Reflections on the Path and Purpose of Trauma Work

Ending the National Health Problem of Family Violence

Mary Jo Barrett

Editor's Note: In the January 2017 issue, a group of innovators and leaders look back over different realms of therapeutic practice and offer their view of the eureka moments, the mistakes and misdirections, and the inevitable trial-and-error processes that have shaped the evolution of different specialty areas within the field. Here's one reflection.

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Just before I began graduate school in 1974, the Child Abuse Prevention and Treatment Act was enacted—the first authorization of federal funds to improve the states’ response to physical abuse, neglect, and sexual abuse in families. Before then, in many states, if you suspected a child or a woman was the victim of domestic violence, it was unclear whom you were supposed to contact. In some places, you actually called the Humane Society or, more likely, the police. The idea was, “Don’t get involved in other people’s families. It’s too messy.” Women and children were still looked at as property. But by the time I got my first job as a contractual in-home therapist for the Department of Children and Family Services in Illinois in the late ’70s, my agency was being inundated with phone calls, and my supervisor admitted to me, “We don’t know what to do with all these cases.”

Back then, when professionals in the child welfare world were just beginning to consider the idea of therapy for abuse and neglect, the typical course of action was a “parentectomy”—taking children away from their parents and putting them in foster care, without ever dealing with what had been going on in the original family. That practice evolved into the idea of finding the least restrictive environment possible—meaning a placement, usually with a family friend or relative, where children wouldn’t experience the removal from parents as a punishment or an indication that they’d done something wrong. But in the mid-’80s, as it became clearer how disruptive removing children from their homes could be, a family-preservation movement emerged, devoted to keeping children with their parents if possible. It recognized that children not only didn’t thrive in foster care, but were often abused and neglected there all over again.

A tenet of the family-preservation movement was the goal of getting the foster parents and biological parents to work together. Much of that work took place in the home, not in an office or agency. The model emphasized keeping the biological parents involved, rather than cutting them off, and helping them stabilize and learn new parenting skills. Working with this population, I spent much of my time in homes talking with parents about the ordinary problems of everyday life, discussing subjects like nutrition and even helping them clean out their refrigerators.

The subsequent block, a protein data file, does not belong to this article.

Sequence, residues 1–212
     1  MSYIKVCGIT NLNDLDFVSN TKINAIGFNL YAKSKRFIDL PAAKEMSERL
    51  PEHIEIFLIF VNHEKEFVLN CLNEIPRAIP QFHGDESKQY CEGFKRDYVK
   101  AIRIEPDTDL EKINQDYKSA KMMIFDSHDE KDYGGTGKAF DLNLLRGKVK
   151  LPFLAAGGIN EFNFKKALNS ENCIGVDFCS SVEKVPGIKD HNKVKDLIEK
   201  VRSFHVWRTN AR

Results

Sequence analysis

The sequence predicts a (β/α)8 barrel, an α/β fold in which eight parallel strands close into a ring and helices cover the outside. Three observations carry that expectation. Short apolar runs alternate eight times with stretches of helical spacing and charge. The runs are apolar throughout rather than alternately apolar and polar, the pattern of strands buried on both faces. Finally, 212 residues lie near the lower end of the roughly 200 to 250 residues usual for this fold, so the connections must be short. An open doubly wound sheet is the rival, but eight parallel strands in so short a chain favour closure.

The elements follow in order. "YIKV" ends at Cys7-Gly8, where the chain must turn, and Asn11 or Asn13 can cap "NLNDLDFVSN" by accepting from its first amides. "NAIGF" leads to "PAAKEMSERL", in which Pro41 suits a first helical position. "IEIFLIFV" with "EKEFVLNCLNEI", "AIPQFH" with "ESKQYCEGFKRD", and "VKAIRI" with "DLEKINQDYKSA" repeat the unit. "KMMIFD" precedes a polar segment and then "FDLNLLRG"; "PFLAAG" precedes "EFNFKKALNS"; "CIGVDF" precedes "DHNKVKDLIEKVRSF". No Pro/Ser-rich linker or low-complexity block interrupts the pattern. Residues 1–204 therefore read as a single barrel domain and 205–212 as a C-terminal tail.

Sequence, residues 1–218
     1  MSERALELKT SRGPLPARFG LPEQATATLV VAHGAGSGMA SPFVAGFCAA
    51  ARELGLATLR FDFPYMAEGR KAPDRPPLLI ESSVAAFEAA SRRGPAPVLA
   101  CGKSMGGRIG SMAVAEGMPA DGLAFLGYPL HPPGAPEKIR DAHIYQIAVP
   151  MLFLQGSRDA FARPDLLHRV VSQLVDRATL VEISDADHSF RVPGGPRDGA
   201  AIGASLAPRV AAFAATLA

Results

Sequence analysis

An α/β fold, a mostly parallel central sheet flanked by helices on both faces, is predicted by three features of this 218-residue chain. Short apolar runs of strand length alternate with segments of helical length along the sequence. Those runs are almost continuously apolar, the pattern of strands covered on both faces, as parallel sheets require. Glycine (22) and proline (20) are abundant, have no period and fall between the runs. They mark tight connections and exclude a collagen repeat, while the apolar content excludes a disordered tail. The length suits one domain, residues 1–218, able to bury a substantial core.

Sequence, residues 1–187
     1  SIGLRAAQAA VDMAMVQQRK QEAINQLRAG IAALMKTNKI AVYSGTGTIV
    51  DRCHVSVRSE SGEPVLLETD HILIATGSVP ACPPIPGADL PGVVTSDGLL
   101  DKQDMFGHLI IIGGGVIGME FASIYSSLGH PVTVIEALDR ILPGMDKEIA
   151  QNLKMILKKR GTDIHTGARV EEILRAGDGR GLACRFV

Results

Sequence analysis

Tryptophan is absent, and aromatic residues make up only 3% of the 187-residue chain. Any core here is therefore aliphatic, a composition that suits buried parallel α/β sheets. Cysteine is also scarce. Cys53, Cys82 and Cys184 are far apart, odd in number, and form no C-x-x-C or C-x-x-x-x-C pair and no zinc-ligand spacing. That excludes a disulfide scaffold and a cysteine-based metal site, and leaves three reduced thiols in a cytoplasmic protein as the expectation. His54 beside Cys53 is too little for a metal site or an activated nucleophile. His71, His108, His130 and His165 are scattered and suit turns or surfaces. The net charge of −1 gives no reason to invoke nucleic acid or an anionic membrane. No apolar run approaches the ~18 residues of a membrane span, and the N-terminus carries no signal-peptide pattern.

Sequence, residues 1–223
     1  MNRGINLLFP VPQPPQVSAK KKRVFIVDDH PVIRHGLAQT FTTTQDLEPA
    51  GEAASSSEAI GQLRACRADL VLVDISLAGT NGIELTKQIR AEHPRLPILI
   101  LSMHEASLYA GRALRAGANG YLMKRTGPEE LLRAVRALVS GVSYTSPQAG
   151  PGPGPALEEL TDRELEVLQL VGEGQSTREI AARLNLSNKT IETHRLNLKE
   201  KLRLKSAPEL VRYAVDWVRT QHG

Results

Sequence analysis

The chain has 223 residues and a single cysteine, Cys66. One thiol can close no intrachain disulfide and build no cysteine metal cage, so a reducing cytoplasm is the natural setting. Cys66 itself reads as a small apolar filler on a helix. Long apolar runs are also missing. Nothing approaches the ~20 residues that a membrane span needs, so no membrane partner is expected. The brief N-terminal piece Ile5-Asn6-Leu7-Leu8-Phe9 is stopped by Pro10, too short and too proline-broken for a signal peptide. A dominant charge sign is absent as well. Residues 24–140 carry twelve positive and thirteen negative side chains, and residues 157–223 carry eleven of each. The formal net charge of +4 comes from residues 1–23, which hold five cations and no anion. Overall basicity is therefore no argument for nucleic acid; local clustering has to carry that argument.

In the ’70s and ’80s, many feminists championed a more linear view of abuse, emphasizing the role of male privilege and patriarchy, and the importance of separating perpetrators of violence from their victims. I remember being in the middle of a workshop on family violence, incest, and domestic abuse in the early ’80s, when I heard loud noises in the hall. Some therapists were passing around flyers, yelling that my approach in seeking to help families stay together was dangerous to women and children—and that I was “in bed with perpetrators.” At that time, very few programs treated offenders of any type, and virtually none integrated individual and family therapy for offenders as well as victims.

This was a time when incest and child sexual abuse were still taboo subjects. The conventional wisdom was that they occurred only rarely. Then we began to wake up. Diana Russell, in her 1984 book Sexual Exploitation, reported that 16 percent of women had been sexually abused by a relative before the age of 18, and 31 percent had had at least one experience of sexual abuse by a nonfamily member before that age. Researcher David Finkelhor published A Sourcebook on Child Sexual Abuse soon after, reporting that nearly 20 percent of college woman and nearly 9 percent of college men had been sexually abused before the age of 18 by someone they knew.